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CAPITAL (ITT (HAT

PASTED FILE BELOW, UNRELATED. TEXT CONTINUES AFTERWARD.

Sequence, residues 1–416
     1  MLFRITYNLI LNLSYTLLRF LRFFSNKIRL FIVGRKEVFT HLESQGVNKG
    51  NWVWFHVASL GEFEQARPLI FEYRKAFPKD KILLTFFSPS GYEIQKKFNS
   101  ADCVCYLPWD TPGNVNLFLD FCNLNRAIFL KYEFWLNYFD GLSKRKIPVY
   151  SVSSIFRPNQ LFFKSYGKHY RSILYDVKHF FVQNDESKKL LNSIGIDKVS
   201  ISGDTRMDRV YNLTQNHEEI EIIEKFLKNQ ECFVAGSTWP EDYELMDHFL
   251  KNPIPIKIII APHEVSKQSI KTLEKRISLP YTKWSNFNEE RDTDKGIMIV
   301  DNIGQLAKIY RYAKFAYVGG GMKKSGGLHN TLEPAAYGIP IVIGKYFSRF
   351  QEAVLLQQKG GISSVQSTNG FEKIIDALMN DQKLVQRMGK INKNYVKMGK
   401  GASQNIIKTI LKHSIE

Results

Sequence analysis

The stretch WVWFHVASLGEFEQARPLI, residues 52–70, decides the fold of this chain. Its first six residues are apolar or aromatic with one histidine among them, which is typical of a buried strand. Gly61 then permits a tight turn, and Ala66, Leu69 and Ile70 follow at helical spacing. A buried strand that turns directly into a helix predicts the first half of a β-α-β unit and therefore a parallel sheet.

SENATE PASSES STRAIGHT TWO CENT FARE BILL. EVFRY SENATOR PRESENT VOTED FOR BILL Bill Passed Is Senate File No. 55, The Sackett Measure, and Has the Emergency Clause At tached Thereto. Senate Passes 2-Cent Fare Bill. The state senate, impatient because of the slowness of the house in pass ing a 2-ceut fare bill, Tuesday took up a similiar bill in committee of the w hole as the special order for 10 a. m., discussed the measure till noon and af ter a recess placed the bill on third reading and passed it by a unanimous vote of all the senators present, two only being absent. The hill is a flat 2 cent rate bill. It merely changes the word "three" in the present statute to “two." and c/mtains an emergency clause so that it will go into effect as soon as it receives the approval of the governor. The bill provoked a free discussion, in which nearly every sen ator joined. The senate passed the bill, S. F. 55, by Sackett of Gage, and hurried it over to the house, where the announcement met with applause. That body later considered a similiar house bill in committee of the whole, and as the senate bill had not been read for the first and second times ip the house it could not be substituted for the house bill on the same subject. Therefore the house, iu committee of the whole, recommended that the house bill be ordered engrossed for a third reading, shorn of all its amendments except one intended to make a minimum fare of 6 ceuts, regardless of distance for in terurban lines. It is believed that the house will pass the senate bill, which also contains the emergency clause, although many members of both houses prefer not to have the bill go into effect upon approval of the gov ernor. In the senate the discussion was strongly anti-railroad and in favor of a flat 2-cent fare bill, despite the fre quent citations of expressions of Gov ernor Sheldon during his campaign that he thought it better to place the raising or lowering of passenger rates in the hands of the new railway com mission. King of Poik argued that it would be unconstitutional to amend the pres ent statute relating to passenger rates, one that had existed since 1887 and at tach to it a clause giving the railway commission power to suspend this rate. He said the title of the original act was not broad enough to cover such an amendment. Epperson of Clay said that an original act including the two subjects, with a new title, could be enacted, but he favored the bill under consideration. This argument did much to bring about unanimous ac tion in favor of the flat 2-cent fare bill. At the last moment McKesson of Lan caster withdrew his motion to post pone action until Thursday at 2 p. in., and he and his colleague, Burns, both voted for the report of the committee of the whole to order the bill to a (hird reading. The senators who asked for delay warned their fellow senators thta a 2-cent fare might not be upheld in the courts. The great majoritv were willing to take chances and were eager to pass such a bill, alleging that unless they took summary action no relief would be granted to the people «ho are asking for lower freight and passenger rates. Every senator present voted for the bill when it was read a ibird time, Randall of Madison and Latta of Burt being absent. Sale of Game Prevented. The house concurred in unimport ant amendments to H. It. Xo. 9S and the bill is ready to be sent to the gov ernor. The bill ig one of the most important game laws that has ever been enacted. It provides that it shall be illegal to sell wild game at any time of the year. The bill was asked tor by Chief Game Warden Carter in the hope that it would stop the oper ations of pot hunters who shoot and sell for the market. As long as people wiU buy game and place it on tables of hotels, restaurants, dining cars and cafes foi sale, it is believed men can he found who will find in this fa<* an inducement to violate the game laws. After Loan Sharks. An act aimed at the business cf chattel mortgage sharks and pawn brokers who loan money against the future wages of working men, exact ing a heavy interest rate therefor, has been prepared by .Representative Kil len of Gage county for introduction in the legislature. The bill is intended to make void all contracts pledging wages as a security for a debt, except where the amount so pledged has been due for more than twenty days. New Telescope for Uni. The university is now constructing in its own shops a telescope of twelve inches aperture and eighteen feet focal length. This would be regarded by professional telescope makers as a rather ambitious undertaking, since the machinery for operating a large telescope, while massive, must yet be ‘'built like a watch." Professor Rich ards is confident, however, that the work of building the mechanical parts, even including such delicate work as graduating the circles and building the driving clock, can be successfully done in the university shops. The mounting of this telescope will be rather more than usually compli cated for an instrument of its size, for it was felt that since it was to be built and not bought, there was no use in foregoing-any accessory that might add to the convenience and usefulness of the Instrument. For in stance, the motion of the tube may be controlled either from the eye-end or from the floor; small accessory"tele scopes at both the eye-end and down at the side of the pier enable the ob server to read the setting circles and so to direct the telescope to any part of the sky from either position. y Cut Off State Board of Health. The house committee on finance ways and mean Friday decided not to appropriate any money for the expense of the state beard of health, the members believing that the $10, 000 appropriated two years ago for the support of the board was illegally ap propriated. This belief is founded on the section of the statute which says the secretaries of the board may charge fees for the examination of ap plicants for license to practice medi cine, $10 for each applicant hold;rg a diploma from a Nebraska college of medicine and $125 for other applicants. The statute says: "All such fees shall be equally divided among the fou.* sec retaries of the board as full coinpen 1 sation for their services and ex penses." Historical Building. The finance ways and means com mittee of the house introduced a bill appropriating $25,000 for a new- state historical society building to be erect ed upon haymarket square in the eity of Lincoln provided the right to the use of this property is ceded back to the historical society by the city. The bill tarries out the cherished plans of the society that have before been pre sented to legislature, when, however, a largerappropriation than is now asked was requested. The house committee has canvassed the situation carefully and will report the bill favorably since it bears its name. \ Maximum Rate Bill. Senator C. G. Sibley, of Lincoun county, stirred up the senate by intro ducing a bill establishing maximum rates for wheat, corn, and other grain products. His bill provides for a re duction of about 15 per cent over the present rates and on some of the pro ducts it is a reduction of 15 or 20 per cent over the rates in the 1&93 maxi mum rate Law. He will introduce two other bills one for a maximum rate on lumber and coal and a third on hay, potatoes and apples. Why such a bill is introduced in the face of the fact that the state railway commission is to be put to work is not quite clear, but Senator Sibley says that the com mission will have more than It can do and he proposes to help it get a good start. State House Repairs. To make the state capitol present able. safe and accessible will require an outlay of almost $80,000. according to the resulrs of the investigation made by a special committee of the house of representatives. A report was filed by the committee, consist ing of Messrs. Marsh, White and Besse. giving an itemized estimate of the cos! for work that is deemed nec essary. amounting in the aggregate to $79,200. It was placed on file to be considered at a later time. The special committee sent with its statement a letter from John McDon ald. an architect, in which he corro borated the report made by G. A. Ber linghof in January relative to the shaky south wall of the Capitol’s east wing and its dangerous character in the present condition. McDonald said in his letter that it will be necessary to vacate the offices while repairing the capitol. brace up the floors and roof, remove about seventy feet of the wall and rebuild it from the ground up. He agreed with Berling hof in estimating the cost of this work' at $20,000. The largest other item in the list of proposed expenditures is $16,500 for cement walks to take the place of the “canals” which now lead to the state house from all directions. Eight thou sand is to be used for putting gold leaf on the dome, if the report is followed. Washington's Birthday. Tribute to the memory of Washing ton, the father of his country, ‘and to that of Lincoln, its savior, were the principal features of the Washington's birthday observance by the two branches of the Nebraska legislature in joint session February 22. An ad dress of remarkable oratorical force was given by Senator C. H. Aldrich of Butler county on the topic of Wash ington's life, his works and the bene ficent influence they had had upon the nation. To Reduce Express Charges. Senator Aldrich of Butler intro duced a bill to reduce the charges of express companies 25 per cent below the rates in force January 1, 1907. He has introduced a bill applying to rail road freight charges calling for a re duction of 20 per cent. The bills are both drawn after the same general style, making it unlawful to charge more than 75 per cent of the charges in force by express companies Janu ary 1, 1907. or more than 80 per cent of the freight charges in force at that time. The penalty in the express rate bill is a fine of not less than $1000 nor more than $2,00o for each offense. In the case of railroads the penalty is a fine of not less than $10,000 and not more than $50,000. In the case of railroad rates the railway commission is gi>en power to hold hearings and to either raise or lower rates, but no such provision is incorporated in the express rate bili. The State Journal Case. For the third time the case of th« state against the State Journal com pany hah been submitted to the su preme court. It was submitted on an application of Attorney General W T Thompson for leave to amend the pe tition of the state asking for $85,000 damages for the alleged sale of su preme court reports. The suit was in siituted by F. N. Prout, who has since left the state. Twice the court has given decisions in favor of the defend ant company and the attorney general now asks leave to again amend the petition of the state. To Reduce Rate 20 Per Cent. Senator Aldrich of Butler has intro duced S. F. 325, a bill to make the maximum rate on freight in Nebraska 80 r>»r cent of the amount fixed in the classification and schedules of rail roads in force January 1, 1907, until after the railway commission shall have provided a greater rate. The bill repeals the old maximum rate of 1903 which the railroads prevented the old board of transportation from enforc tag by an Injunction suit in the federal court. HAD TO LICK SOMEBODY. Teacher’s Announcement Not Comfort ing to Trustees. By the laws of Maryland corporal punishment in the public schools of that state is forbidden. This. pro hibition was much condemned by cer tain of the teachers with old-fashioned ideas, especially by a teacl»r in one of the schools on the eastern shore some years ago. He was a strapping big fellow, and it was lucky for his pupils, who were rather a rough lot, that they were protected by the afore mentioned law. The teacher did the best he could, under the circumstances, but, moral suasion proving of little avail, he finally laid his case before the board of trustees. “Gentlemen," said he, after a recital of his trials, “those boys must be licked.” "You can't do that," replied the chairman. . "Then you must assist me in con trolling them.” “That, sir,” observed the chairman, testily, 'is what you are employed to do.” - "In that case,".continued the teach er. "you must allow' me ta lick them.” "Corporal punishment is against the law." insisted the chairman. “Then, gentlemen,*' concluded the RIGHT IN THEORY ONLY, Good Argument, but It Failed to Se cure the Cigars. I In a Sixteenth street cigar store a young man put a nickel in a slot ma chine. It was one of those poker ma chines. He pressed the lever and in the “hand” that showed he had two queens. He looked on the card of ex planation and saw one line that read: "Kings or better, two cigars." That was the lowest winning "hand.” “Well, I win two cigars,” he said to the proprietor. The latter looked at the machine. “Indeed you don't,” he said. “You have only two queens.” “Well,” said the young man, “look here. Doesn't this say Kings or bet ter, two cigars?’” “It does, but you have two queens.” “1 was always taught,” said the young man, “that the women were better than the men. So queens aren't better than kings, eh?” The proprietor laughed, but he didn't hand over the cigars.—Denver Post. Some Desimplified Spelling. The colonel was simply infolonel. He said he would be gould to traid on the rights of the whights. “No man,” said the raidhot colonel in his diolonel diatribes, “whose blood MAN WHO WILL DIG PANAMA CANAL JOHN B. MCDONALD. John B. McDonald of New York city is president of the construction com pany organized by W. J. Oliver to build the Panama canal. teacher, with considerable emphasis, j 'someone must be licked: and I want ; to say right here that the next time 1 ) have trouble with my boys I’m going to lick a trustee. As I have trouble i about once a day, each one of you j may expect, on the average, one lick- | ing per week. I reckon there's no law against that." Horrors of the Staircase. A Dublin landlord said: "It often happens that when peasant girls come into our service, directly from the wretched hovels in which they have been reared, in a wild part of the country, they are surprised and per plexed by all they see. The common est things to us are new and astonish ing to their simple gaze. As the dwell ings of the Irish lxtor are never more than one story tiigh, what 'excites their perplexity, and often their fears more than anything else is, of course, a staircase. I have actually seen these girls creeping up and down stairs on all fours in the utmost terror. One remained in the attic all day be fore she could summon courage to encounter the apparent horrors of •mining down, and she at last came lown backward, as if descending a madder. They get accustomed to an elevator before they do to the stairs." Finished. “Why has she stopped slum work?" “She has accomplished her object." “Relieved all the distress?” “Xo; become engaged to the new preacher."—Houston Post. is not mood can chose to weigh what I say and pronounce one word as absord as any he ever horfl. One maj oneder because one color is dolor than another that it is a sign of some thing less fign. O, ye who knoh the truth give tongue and longue to its proclaiming. Why do yo sy when sighs are not wighs? Let no pain or ache mache you quache. Though you may be lough, rise higher and in spiglier the sacred songs of justice to all. Who is whe that says the choir is a loir? His own lies show his sies; he cannot disguise his luise; his eyes despeyes those leves and tell on him; 1 one may buy a luy, but not the uy.” And much more of the same sort j from which it may be inferred that having herred the colonel’s werred, the whites still had some rites which were bound to be respected. And the I blacks? Well, take an acks to them. Also the infernal cernal.—Judge. Tricks of the Grogger. "The man is a grogger,” said the food inspector. "He makes whisky out of old barrels. "Grogging is a recognized trade in some slums. You get hold of old whisky barrels wherein spirits have been maturing for years and you pour into these barrels boiling hot wate^ and you wait a few days. "The result of your waiting is that the hot water turns to whisky. The wood of the old barrels, you see, is so saturated with spirits that the hot wa ter draws out enough to make a strong grade of red eye.” THADDEUS KOSCUSZKO MEMORIAL This is the design selected for the monument at the national capital. MAJORITY OF MEN ARE VAIN. A Hairdresser Asserts That Many of Them Wear Wigs. “Nearly every woman wears some other woman's hair,” said the hair dresser, ‘ but you might be surprised if you knew the number of men who wear wigs. Many a man's fine head of hair, the envy of his friends, came from the hair store, and is regularly curled and pressed there! Whisper it gently, but most men are even more vain of their appearance than are the frivolous women of the mo ment. They simply will not stand for a bald head, under 70, and have learned a lesson from their sisters. Often the same hairdresser makes the wig for papa and the ‘switch’ for mamma, and. if mamma can get the money for her new hair any the more easily out of papa for the fact that he is a devotee of the habit himself, who can blame her for encouraging him in the guileless fad?" Some folks never feel cheerful un less they are dispensing bad news. IN THE SICK ROOM UP-TO-DATE METHODS OF CARING FOR PATIENTS. Modern Science Teaches Many Ways sf Alleviating Suffering and Pro moting the Recovery of Strick en Loved Ones. When there is a prospect of a long illness two small cots that cost so little may be placet} together, making it easy to move the patient from one to the other when changing the bed ding. and permitting each one to be thoroughly aired each day. Otherwise the ideal sick bed is a single one of iron, the length and width of those used in hospitals. With this should be a fine woven wire spring and a thin hair mattress. Of the water beds, those filled by means of a pitch er and funnel are said to be the best. The temperature of the water should be kept about 70 degrees and must be changed every two weeks. The bed must never touch the walls. The rest for the head is the feather pillow, changed or beaten when it becomes uncomfortably hot. Small pillows of varying sizes should be used to tuck under back of knees when change of position is necessary. Paper torn in fine bits is nice for these. Here is the way a trained nurse in a hospital makes up the beds: She begins by tucking the lower sheet, preferably of cotton (for linen chills excepting in mid-summer), snugly and smoothly over the mattress. This should be protected in case of severe illness with a rubber blanket or paper pad. The sheet is pinned in place, taking care to have a perfectly smooth sur face under the patient. The corners of the sheet are folded square, as the grocer folds the edges of the paper he wraps around a parcel. Next a draw sheet is laid on smoothly and pinned in place. In spreading the up per sheet it is brought up well to the head of the bed, so it will turn back nicely over the other clothes, but left a little loose for the feet. Next comes the blanket, the folded edge at the foot, and a light-weight counterpane, which, with the sheet, should be fold ed carefully in at the corners and tucked under smooth and tight at the sides. To Change the Bed.—In changing the bed, roll the patient to one side, putting one hand against the shoul der and the other against the hips. Roll up the lower sheet in lengthwise folds against the patient. Put on fresh sheet, and draw sheet and pin in place. Roll the patient over, pro tecting with the upper sheet, and pull the lower sheet smooth. Pin. Put clean upper sheet on over the soiled one, then tuck the clean one in and remove the soiled one. Slipping to Foot of Bed.—If a pa tient is troubled by slipping down in bed, the foot may be slightly raised by putting bricks or blocks under it, or a small bolster may be tucked un der the thighs, then tied around the head of the bed with tapes. To Tint Lace. When one desires to color lace for a gown, procure a tube of oil paint the color desired and squeeze it into a cup of gasoline and stir until dis solved. Then your into a larger ves sel. Dip a small piece of the lace into it, and if too deep, add more gasoline until the shade desired is obtained. When it is the right color, put all the lace into it. take out, shake gently and dry in the open air. When thoroughly dry, expose it to extreme heat for a few minutes, tak ing care, of course, that it is not near a fire or blaze, where it might ignite. This exposure to the heat will remove the odor of gasoline. Lace which has been used and will not wash well can be given this treat ment, if first dry-cleaned by being sprinkled generously with fuller's earth, then rolled up and put away for a few days. Upon taking out, shake wrell and then proceed with the tinting as above. Dutch Apple Cake. This is another favorite dish in the cooking class. It is sometimes .made with soda and cream of tartar, and again with yeast. For the former sift together two cups flour, a half tea spoonful of salt, a half teaspoonful soda and a teaspoonful cream of tar tar. Add two tablespoonfuls butter or good dripping and rub in with the tips of the fingers. Beat one egg light and add to it a scant cup milk. Then stir into the dry mixture. The dough should be quite soft. Turn into a shal low baking tin. Peel, core and slice three or four tart apples and arrange symmetrically on top of the pan. let-' ting the slices overlap. Put the sharp edge of the slices down and press slightly into the dough. Sprinkle with two tablespoonfuls sugar and nutmeg or cinnamon. Bake in a hot oven. As soon as done brush the top lightly with hot water. Nut and Cheese Pasties. Nut and cheese pasties are in the same list with cheese balls. Sift one quart of pastry flour with one tea spoonful of salt and one teaspoonful of baking powder, add one cupful of pecan-nut meats chopped and • the yolks of two eggs; mix with just enough ice water to make into a dough which can be rolled out on a floured board about an eighth of an inch thick. Spread with a cupful of rich American cheese grated and folded over four times; roll out again and cut Into hol low hearts and darts; brush with egg yolk and bake a delicate brown in a hot oven. Almond Crisps. Stir tor a cream two-thirds of a cup ful of butter and one heaping cupful of sugar. Beat into this the yolks of two eggs, three tablespoonfuls of lem on juice and one scant teaspoonful of almond extract. Add two cupfuls of twice-sifted flour and the well-whipped whites of two eggs. Beat very thor oughly and work in sufficient more flour to make a dough which can be kneaded. Roll out small portions at a time very thin, cut into fancy shapes, brush over with white of egg, sprinkle with blanched shredded almonds, and dredge with granulated sugar. Bake in a moderate oven, watching closely. TO HONOR POLISH HERO 6TATUE OF KOSCIUSZKO TO BE ERECTED IN WASHINGTON. Memorial to Patriot Presented to America by Fellow-Countrymen —Popiel’s Model Accepted by Committee. Washington.—Two years ago the Polish National Alliance of the United States conceived the idea of present ing to the American people a monu ment of Gen. Tadeusz Kosciuszko, to be erected at Washington in Lafayette square, where the monuments of Lafayette and Rochambeau are stand ing and where a monument to Baron von Steuben will be raised in the near j future. The plan was to have the memory of all the most prominent offi cers who fought for the independence : of the United States thus honored by monuments in the capital of the nation. The government having appropri ated $5,000 for a monument to Gen. Statue to Be Erected to Thaddeus Kosciuszko. Pulaski, who fought for the liberty of this country and who fell in the battle of Savannah in 1779, the Polish Na tional alliance felt it to be the duty of Polish-Amerieans to reciprocate by presenting a monument of the other Polish patriot who lent his sword to the cause of liberty of America. The gift having been accepted by congress and the president, and the fund having been started by means of a special assessment from every mem ber of the alliance, a contest was an-, nounced in the Polish papers in Eu rope and America for a model which would satisfy the government's com mission in Washington. In the middle of December, 1906. models began to arrive and finally there was opened in the Corcoran gallery in Washington an impressive exhibition of 20 models, all works of Polish artists. The Wash ington newspapers spoke of this exhi bition as of a very instructive one as to the spirit of foreign art toward America. The government committee, which consisted of Secretary Taft, Senator Wetmore, of Rhode Island, and Rep resentative McClAary, of Minnesota! invited jury of three prominent American sculptors, Messrs. Lorade Taft, of Chicago, and Daniel Chestet French and Henry M. Schrady, of New York, to choose the three best models, there being three premiums of $1,000, $600 and $400. respectively. The first premium was accorded by the commit tee to the model sent by Antoni Po piel, of Lwow, Lemberg, Austrian Poland. President Roosevelt at a special in vitation from the Polish alliance visit ed the exhibition and expressed his opinion that the model of Mr. Popiel is the most acceptable. The model represents Kosciuszko as a hero of both hemispheres, as he is usually called by the Poles. At the front of the pedestal is a hemisphere showing the map of America with the American eagle guarding its liberty. In the rear the other hemisphere, bear ing the outline of Europe and Asia, is being strangled by a snake represent ing despotism, wh^ch the Polish eagle is trying to kill with his beak and talons. To the right, a Polish regular soldier w-ounded and falling, is pro tected by a Polish farmer with his scythe; to the left, an American sol dier is cutting the ties of the Ameri can farmer, thus liberating him from the foreign yoke. Above stands Kos ciuszko with a map in one hand, the other reposing on his sword. LIFE STORY ON AN EPITAPH. Odd Monument Over Grave of Veteran of Indian Fight. __ The longest epitaph in Arlington National cemetery at Washington is i that carved on the strangely shaped monument of Captain John Williams, of the marine corps, who died of wounds received in an Indian fight in Florida in 1812. The inscription fol low's: "Here lies the remains of John Wil liams, Esq., late a captain in the Corps of U. S. Marines. Was born in Staf ford county, Virginia, the 24th of Au gust, 1765, and died on the 29th of Sep tember, 1812, at Camp New Hope, in East Florida. The body of deceased w'as removed to this spot, over which his brother officers in the marine corps have caused this pile to be erected in testimony of his worth and in their mournful admiration of his gallant end. "On the 11th of September. 1812, Captain Williams, on his march with a command of 20 men to Davis creek block house, in east Florida, was at tacked tow'ards evening by upwards of 50 Indians and negroes, who lay con cealed in the woods. He instantly gave battle, gallantly supported by his men, who, inspired by his animated ex ample, fought as long as they had a cartridge left. At length, bleeding un der eight galling wounds and unable to stand, he was carried off the battle ground, whilst his heroic little band, pressed by superior numbers, was forced to retreat. “Eminently characterized by cool in trepidity, Captain Williams evinced Monument with Long Epitaph. during his short but severe contest j those military prerequisites which qualify the officer for command, and if his sphere of action was too limited to attract the admiration of the world, it was sufficiently expanded to crown him with the approbation of his coun try and to afford his brethren in arms an example as highly useful as his exit has sealed with honor the life of a pa triot soldier.” Captain Williams' monument is an elongated pyramid with two long and , two short sides. The inscription, which is in script lettering, covers all four sides of the stone. The ctone, though it appears large in me picture, is barely a foot high. It may be of sand stone, but to one unskilled in such mat ters, it appears to be of molded ce ment. THIS BOY BABY A "BUSTER.” Twenty-One-Months-Old Son of Ger man Cavalryman Weighs 93 Pounds. London.—To be born a record hold er is a thing unique in itself, and con stitutes, so to speak, a double-barrelled record. The infant who made a start! Baby Dippe, 21 Months Old, Weigh* 93 Pounds. in the human race handicapped in this fashion was born one year and nine months ago, and is the son of August Dippe, a cavalry sergeant-major, sta tioned at Malstatt, near Saarbruckea. in Germany. The particular distinction claimed for the child is that for his age he is the fattest, longest, broadest and strongest baby in the wide, wide world. His weight is 93 pounds, he is three feet three in height, and he measures just over 37 inches around the chest. Both parents are quite nor mal, and, in fact, the mother is rather delicate than otherwise. The infant Hercules creates a sensation when he appears in the street. He is healthy and jolly, and has only one trouble His record may soon be taken from him by his own little brother, who, al though only five months old, already weighs 52 pounds and is growing rap idly. Simplon Tunnel Successful. The result of the first six months’ working of the Simplon tunnel has been tabulated and show that an av erage of 8,000 passengers were carriec a day. HUNT FOR BURIED TREASURE. Special License Granted for the Pur pose in India. Triehinopoly. India, is greatly ex cited over a special license which has been granted by the governor of Mad ras to a gentleman at Coonoor to search for buried treasure. The treas ure has been the object of many suc cessful searches in the past; one en terprising deputy collector of Trichi nopoly, going so far as to divert the river and tunnel through the bed into the solid rock. He spent 20,000 ru pees in his experiments. The opera tions were abandoned for want of funds; but it is stated that the ex plorers came across inscriptions bear ing out the history of the burial of the treasure. The treasure—including a golden palanquin—is said to be stored in a cave in a rock, which is blocked up in some mysterious manner just be low the spot where the inscriptions were found. The local chiefs say that they and their ancestors held the land on the understanding that they should guard the rock: and they produced a sheet of copper on which the grant i* ! inscribed. The treasure is supposed ! to have been buried about 500 year? ago. A temple was erected near; and the treasure was removed from the temple and the royal palace to the cave when fire and brimstone were poured down upon the city. The queen who had taken refuge in the rock, es caped destruction; and the king, find ing that she had taken the treasure away from the temple, tried to drows her in the river. She was saved by some natives, and afterwards gave birth to a son who, in later years, be came king. The queen afterwards caused the inscriptions to be made oc the rock where the treasure lay con cealed. Prospects for Longevity. A quarter of each generation die before attaining the age of 17, but • man at 32 years of age may expect to live for another 32. And There Are Few of Them. The only people who really enjoy getting up early in the morning *rv those who don't have to.